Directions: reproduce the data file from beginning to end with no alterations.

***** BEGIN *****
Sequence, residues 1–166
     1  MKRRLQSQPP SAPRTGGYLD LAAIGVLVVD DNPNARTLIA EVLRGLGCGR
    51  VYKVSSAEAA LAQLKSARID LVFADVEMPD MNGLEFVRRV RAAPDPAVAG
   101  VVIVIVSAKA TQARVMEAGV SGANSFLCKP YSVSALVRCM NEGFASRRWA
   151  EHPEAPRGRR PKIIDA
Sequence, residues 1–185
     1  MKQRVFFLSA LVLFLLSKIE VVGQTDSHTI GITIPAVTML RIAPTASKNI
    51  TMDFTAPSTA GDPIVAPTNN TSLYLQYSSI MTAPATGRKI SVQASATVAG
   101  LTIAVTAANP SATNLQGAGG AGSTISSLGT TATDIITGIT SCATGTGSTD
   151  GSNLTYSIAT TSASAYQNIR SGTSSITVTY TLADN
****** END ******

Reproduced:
Sequence, residues 1–166
     1  MKRRLQSQPP SAPRTGGYLD LAAIGVLVVD DNPNARTLIA EVLRGLGCGR
    51  VYKVSSAEAA LAQLKSARID LVFADVEMPD MNGLEFVRRV RAAPDPAVAG
   101  VVIVIVSAKA TQARVMEAGV SGANSFLCKP YSVSALVRCM NEGFASRRWA
   151  EHPEAPRGRR PKIIDA
Sequence, residues 1–185
     1  MKQRVFFLSA LVLFLLSKIE VVGQTDSHTI GITIPAVTML RIAPTASKNI
    51  TMDFTAPSTA GDPIVAPTNN TSLYLQYSSI MTAPATGRKI SVQASATVAG
   101  LTIAVTAANP SATNLQGAGG AGSTISSLGT TATDIITGIT SCATGTGSTD
   151  GSNLTYSIAT TSASAYQNIR SGTSSITVTY TLADN